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Abandoning Afghanistan now, amid crisis, would be ‘historic mistake’



(Last Updated On: November 18, 2021)

Urgent steps must be taken to address the looming humanitarian crisis in Afghanistan and stave off economic collapse, speakers at Wednesday’s UN Security Council meeting on Afghanistan said.

“To abandon the Afghan people now would be a historic mistake — a mistake that has been made before with tragic consequences,” said Deborah Lyons, the Secretary-General’s Special Representative and Head of the United Nations Assistance Mission in Afghanistan (UNAMA), who said that the Islamic Emirate of Afghanistan’s (IEA) takeover has left the Afghan people feeling abandoned, forgotten and punished by circumstances that are not their fault.

Lyons said that engagement with the IEA administration over the past three months in Kabul and the provinces have been “generally useful and constructive”, and that the new government want to have a United Nations presence and international recognition, and is looking to overcome the trust deficit between them and the international community.

She said gaps remained however, including the issue of inclusiveness in the government.

According to Lyons, UNAMA has not shied away from raising difficult issues with the IEA, particularly on women’s rights and girls’ education.

She said the IEA has taken cognizance of such concerns, but they have made it clear that for now there are limits to concessions they are willing to make on some issues.

Lyons also said the IEA has not been able to stem the expansion of the Islamic State (ISIS-K/Daesh), which has become increasingly active, “stepping up attacks from 60 in 2020 to 334 in 2021.” She said the group has gained ground across all provinces.

Addressing the dire humanitarian situation in the country, she said it is preventable, as the paralyzed economy is largely due to financial sanctions.

With the winter approaching, she said, up to 23 million Afghans will be in crisis or emergency levels of food insecurity. In addition, while the risk of famine was once restricted to rural areas, 10 out of 11 of Afghanistan’s most densely populated urban areas are now anticipated to be at emergency levels of food insecurity, she said.

Lyons cautioned that the continuing deterioration of the economy threatens to heighten the risk of extremism, adding that the paralysis of the banking sector could push more of the financial system into unregulated informal money exchanges which can facilitate terrorism, trafficking and drug smuggling. “Such pathologies will first affect Afghanistan and then infect the region,” she warned.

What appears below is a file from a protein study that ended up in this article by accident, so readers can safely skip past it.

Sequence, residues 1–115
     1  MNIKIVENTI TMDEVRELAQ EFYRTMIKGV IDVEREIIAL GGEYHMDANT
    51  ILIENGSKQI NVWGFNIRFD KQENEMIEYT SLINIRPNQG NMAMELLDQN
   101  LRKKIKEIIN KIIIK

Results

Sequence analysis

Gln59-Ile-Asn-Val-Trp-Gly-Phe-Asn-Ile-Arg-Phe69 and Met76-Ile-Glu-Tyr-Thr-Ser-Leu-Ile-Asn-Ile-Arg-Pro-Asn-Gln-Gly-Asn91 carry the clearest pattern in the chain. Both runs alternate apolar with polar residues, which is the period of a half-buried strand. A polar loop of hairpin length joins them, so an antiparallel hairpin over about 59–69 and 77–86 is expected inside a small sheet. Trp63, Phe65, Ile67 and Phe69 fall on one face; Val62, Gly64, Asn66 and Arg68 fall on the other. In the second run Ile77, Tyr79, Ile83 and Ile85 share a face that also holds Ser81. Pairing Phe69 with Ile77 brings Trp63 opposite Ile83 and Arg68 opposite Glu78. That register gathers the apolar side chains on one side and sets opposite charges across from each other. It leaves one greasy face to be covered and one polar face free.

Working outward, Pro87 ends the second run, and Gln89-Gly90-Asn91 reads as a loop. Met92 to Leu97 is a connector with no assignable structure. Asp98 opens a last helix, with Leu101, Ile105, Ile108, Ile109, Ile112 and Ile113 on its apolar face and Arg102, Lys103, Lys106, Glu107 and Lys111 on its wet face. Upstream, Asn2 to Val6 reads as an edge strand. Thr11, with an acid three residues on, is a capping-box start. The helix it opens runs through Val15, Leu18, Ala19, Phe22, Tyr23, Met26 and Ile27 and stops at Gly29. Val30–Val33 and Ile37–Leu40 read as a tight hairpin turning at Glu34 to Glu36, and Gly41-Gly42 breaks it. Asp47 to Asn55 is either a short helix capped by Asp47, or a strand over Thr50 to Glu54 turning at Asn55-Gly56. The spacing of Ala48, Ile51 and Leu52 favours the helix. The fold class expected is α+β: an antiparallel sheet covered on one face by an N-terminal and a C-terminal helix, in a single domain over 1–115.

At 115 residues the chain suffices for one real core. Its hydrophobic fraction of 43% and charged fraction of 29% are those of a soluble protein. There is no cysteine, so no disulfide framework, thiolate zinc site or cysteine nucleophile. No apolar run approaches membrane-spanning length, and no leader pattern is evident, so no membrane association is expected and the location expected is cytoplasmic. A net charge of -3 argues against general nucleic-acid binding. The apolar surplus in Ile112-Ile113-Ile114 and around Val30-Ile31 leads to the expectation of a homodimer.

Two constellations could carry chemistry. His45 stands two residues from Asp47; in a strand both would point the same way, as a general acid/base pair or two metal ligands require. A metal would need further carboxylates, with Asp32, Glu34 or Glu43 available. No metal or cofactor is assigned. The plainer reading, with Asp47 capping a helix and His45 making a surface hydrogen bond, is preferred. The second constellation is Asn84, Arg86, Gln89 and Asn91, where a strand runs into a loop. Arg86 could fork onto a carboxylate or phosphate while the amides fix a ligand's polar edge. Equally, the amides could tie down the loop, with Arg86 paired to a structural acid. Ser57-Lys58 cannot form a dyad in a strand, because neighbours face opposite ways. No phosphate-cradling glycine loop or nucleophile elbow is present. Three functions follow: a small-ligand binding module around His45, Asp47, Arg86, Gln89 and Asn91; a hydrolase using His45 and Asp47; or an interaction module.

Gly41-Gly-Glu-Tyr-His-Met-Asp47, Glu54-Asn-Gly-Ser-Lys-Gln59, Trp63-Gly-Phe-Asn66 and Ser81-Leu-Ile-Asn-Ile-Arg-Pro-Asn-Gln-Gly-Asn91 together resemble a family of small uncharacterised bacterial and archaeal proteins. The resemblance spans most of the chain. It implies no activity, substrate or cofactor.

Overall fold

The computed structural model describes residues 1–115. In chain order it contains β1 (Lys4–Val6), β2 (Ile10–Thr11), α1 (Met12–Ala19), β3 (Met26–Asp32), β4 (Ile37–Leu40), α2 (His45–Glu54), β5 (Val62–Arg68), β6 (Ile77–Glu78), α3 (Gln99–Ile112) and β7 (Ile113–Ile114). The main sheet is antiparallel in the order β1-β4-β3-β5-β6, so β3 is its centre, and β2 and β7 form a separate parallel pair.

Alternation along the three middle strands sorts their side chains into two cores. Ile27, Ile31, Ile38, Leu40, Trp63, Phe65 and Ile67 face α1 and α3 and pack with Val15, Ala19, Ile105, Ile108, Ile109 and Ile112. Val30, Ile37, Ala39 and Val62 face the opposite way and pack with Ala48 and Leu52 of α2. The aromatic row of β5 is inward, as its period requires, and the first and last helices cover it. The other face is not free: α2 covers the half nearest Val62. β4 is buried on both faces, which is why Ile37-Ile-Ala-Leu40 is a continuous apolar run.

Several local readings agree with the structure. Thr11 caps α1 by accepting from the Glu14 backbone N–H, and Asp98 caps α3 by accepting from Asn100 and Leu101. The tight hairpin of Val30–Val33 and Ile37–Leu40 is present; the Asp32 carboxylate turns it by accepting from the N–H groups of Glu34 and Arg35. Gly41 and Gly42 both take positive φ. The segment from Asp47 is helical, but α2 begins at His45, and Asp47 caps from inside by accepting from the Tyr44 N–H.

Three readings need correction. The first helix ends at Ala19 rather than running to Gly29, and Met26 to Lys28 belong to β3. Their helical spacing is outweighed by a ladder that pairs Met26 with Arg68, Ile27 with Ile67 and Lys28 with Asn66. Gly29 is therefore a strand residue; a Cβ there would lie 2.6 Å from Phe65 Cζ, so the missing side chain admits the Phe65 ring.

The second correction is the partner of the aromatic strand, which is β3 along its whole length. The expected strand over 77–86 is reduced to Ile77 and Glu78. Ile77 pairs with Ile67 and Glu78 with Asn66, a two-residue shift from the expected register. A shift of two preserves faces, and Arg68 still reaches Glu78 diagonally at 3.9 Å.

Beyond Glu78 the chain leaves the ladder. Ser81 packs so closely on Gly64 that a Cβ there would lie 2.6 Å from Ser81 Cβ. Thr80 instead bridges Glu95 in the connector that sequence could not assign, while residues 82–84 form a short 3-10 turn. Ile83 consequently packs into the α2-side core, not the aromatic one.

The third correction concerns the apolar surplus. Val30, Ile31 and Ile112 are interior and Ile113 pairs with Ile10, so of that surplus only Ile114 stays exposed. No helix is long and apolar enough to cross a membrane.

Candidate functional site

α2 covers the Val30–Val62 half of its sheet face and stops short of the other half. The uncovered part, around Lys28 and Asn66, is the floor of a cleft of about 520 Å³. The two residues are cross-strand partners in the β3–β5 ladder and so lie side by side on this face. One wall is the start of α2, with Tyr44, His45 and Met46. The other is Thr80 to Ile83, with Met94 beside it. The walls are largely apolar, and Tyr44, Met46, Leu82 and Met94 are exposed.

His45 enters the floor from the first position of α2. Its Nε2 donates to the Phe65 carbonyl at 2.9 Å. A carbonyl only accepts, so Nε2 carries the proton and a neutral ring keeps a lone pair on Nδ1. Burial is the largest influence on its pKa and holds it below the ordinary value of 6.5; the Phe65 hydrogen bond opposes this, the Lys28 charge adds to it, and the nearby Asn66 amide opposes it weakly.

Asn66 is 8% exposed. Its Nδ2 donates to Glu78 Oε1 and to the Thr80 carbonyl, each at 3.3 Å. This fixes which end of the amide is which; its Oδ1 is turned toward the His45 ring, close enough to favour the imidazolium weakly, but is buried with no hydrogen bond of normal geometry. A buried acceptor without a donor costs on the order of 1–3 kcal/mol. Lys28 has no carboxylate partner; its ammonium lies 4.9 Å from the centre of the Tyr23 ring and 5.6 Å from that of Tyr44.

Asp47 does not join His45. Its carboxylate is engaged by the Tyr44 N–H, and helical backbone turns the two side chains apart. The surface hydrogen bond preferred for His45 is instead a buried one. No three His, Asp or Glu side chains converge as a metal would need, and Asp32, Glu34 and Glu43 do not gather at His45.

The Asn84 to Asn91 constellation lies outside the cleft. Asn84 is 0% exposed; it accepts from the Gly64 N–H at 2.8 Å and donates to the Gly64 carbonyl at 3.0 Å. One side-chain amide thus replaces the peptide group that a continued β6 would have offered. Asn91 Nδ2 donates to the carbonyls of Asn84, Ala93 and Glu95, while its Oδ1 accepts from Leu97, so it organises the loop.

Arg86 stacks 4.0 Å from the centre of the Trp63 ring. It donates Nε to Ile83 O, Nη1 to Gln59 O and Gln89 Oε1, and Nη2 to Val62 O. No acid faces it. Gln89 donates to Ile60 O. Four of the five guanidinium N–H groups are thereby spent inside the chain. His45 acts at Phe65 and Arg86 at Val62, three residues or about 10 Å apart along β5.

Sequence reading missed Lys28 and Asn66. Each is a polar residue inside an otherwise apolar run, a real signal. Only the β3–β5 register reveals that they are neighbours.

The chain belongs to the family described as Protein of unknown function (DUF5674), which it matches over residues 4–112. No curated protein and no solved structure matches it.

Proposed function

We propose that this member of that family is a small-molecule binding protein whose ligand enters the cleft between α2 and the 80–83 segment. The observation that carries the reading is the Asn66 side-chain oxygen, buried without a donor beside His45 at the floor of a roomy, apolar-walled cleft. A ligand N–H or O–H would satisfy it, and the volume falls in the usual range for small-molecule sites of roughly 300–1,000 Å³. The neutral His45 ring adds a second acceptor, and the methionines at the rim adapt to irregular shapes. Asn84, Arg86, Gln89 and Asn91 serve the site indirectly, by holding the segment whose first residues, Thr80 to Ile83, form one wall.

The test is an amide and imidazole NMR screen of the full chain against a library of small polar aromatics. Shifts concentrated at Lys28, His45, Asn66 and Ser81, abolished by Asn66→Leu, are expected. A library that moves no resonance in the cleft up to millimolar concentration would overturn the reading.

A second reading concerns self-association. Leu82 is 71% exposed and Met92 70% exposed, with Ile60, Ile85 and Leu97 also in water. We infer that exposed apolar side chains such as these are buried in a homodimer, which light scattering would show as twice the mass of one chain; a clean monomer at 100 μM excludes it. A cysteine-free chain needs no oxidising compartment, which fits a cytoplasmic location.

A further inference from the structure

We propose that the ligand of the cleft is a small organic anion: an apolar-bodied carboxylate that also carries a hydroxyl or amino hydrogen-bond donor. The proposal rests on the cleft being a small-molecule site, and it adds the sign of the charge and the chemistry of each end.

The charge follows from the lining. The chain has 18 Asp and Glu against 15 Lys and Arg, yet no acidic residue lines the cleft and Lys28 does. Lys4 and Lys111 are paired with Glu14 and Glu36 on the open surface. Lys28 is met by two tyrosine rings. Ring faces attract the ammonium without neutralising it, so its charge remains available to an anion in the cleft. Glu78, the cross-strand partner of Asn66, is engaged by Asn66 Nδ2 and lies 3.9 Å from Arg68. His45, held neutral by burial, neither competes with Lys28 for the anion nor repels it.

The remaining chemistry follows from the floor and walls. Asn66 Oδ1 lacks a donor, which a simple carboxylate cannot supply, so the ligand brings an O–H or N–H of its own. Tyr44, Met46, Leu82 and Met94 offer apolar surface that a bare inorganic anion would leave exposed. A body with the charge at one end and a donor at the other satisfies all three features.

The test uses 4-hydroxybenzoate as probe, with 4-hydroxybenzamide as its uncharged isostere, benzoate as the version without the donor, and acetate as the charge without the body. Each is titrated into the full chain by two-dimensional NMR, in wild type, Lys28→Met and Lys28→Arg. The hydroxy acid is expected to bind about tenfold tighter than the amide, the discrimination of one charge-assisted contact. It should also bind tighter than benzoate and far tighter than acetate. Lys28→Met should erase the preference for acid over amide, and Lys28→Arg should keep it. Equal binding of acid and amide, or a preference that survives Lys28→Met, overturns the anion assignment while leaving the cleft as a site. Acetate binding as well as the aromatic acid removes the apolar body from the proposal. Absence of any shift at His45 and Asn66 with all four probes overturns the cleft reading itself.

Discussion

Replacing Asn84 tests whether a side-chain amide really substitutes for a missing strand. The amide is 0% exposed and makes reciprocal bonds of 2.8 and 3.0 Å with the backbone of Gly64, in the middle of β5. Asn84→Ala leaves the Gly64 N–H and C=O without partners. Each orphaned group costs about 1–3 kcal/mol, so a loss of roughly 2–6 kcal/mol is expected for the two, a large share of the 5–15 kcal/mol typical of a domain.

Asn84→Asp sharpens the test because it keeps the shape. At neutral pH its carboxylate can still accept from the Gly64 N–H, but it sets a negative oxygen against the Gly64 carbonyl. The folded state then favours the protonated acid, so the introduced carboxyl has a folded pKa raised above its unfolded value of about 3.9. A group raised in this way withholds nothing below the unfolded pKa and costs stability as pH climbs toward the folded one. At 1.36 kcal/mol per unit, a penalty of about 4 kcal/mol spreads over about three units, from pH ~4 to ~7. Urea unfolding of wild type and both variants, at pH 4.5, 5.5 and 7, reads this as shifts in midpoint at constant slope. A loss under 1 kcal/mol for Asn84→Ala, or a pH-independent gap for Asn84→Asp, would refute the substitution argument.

According to the UN, close to 23 million people need urgent humanitarian assistance and poverty is widespread, with Afghanistan poised to experience “near-universal poverty” — a 97 percent poverty rate by the middle of 2022.

Council members noted that with the economy on the brink of collapse, aid alone cannot adequately address the crisis. In turn they urged that the UNSC must find ways to address the current banking problem and continue to exempt humanitarian and service-delivery operations from sanctions.

They also said the dormant peace process that began in Doha must be resuscitated, hold the IEA to commitments they made and hold it accountable for past and ongoing violations of human rights.

The Council must also engage Afghans not as victims, but as stakeholders in building sustainable peace in Afghanistan, the members urged.

In the Council discussion, members also called for immediate and unhindered assistance. Some delegates condemned the recent spate of terrorist attacks, while others raised concerns about the repression of the rights of women, protesters and journalists, and reports of human rights violations, including arbitrary executions.

China’s delegate said Afghanistan must be able to pursue a sound path towards development and called on the World Bank and the International Monetary Fund (IMF) to consider the resumption of financial support.

“When teachers and doctors have not received salaries for half a year, where does one begin to speak of girls’ education, or fighting the pandemic?”, he asked, adding that such measures are morally unacceptable and worsen the humanitarian crisis.

Pakistan’s representative also called for the lifting of the freeze on Afghanistan’s assets, noting that his country has committed $30 million in assistance to the country, together with wheat, rice, emergency medical supplies, and other essential items.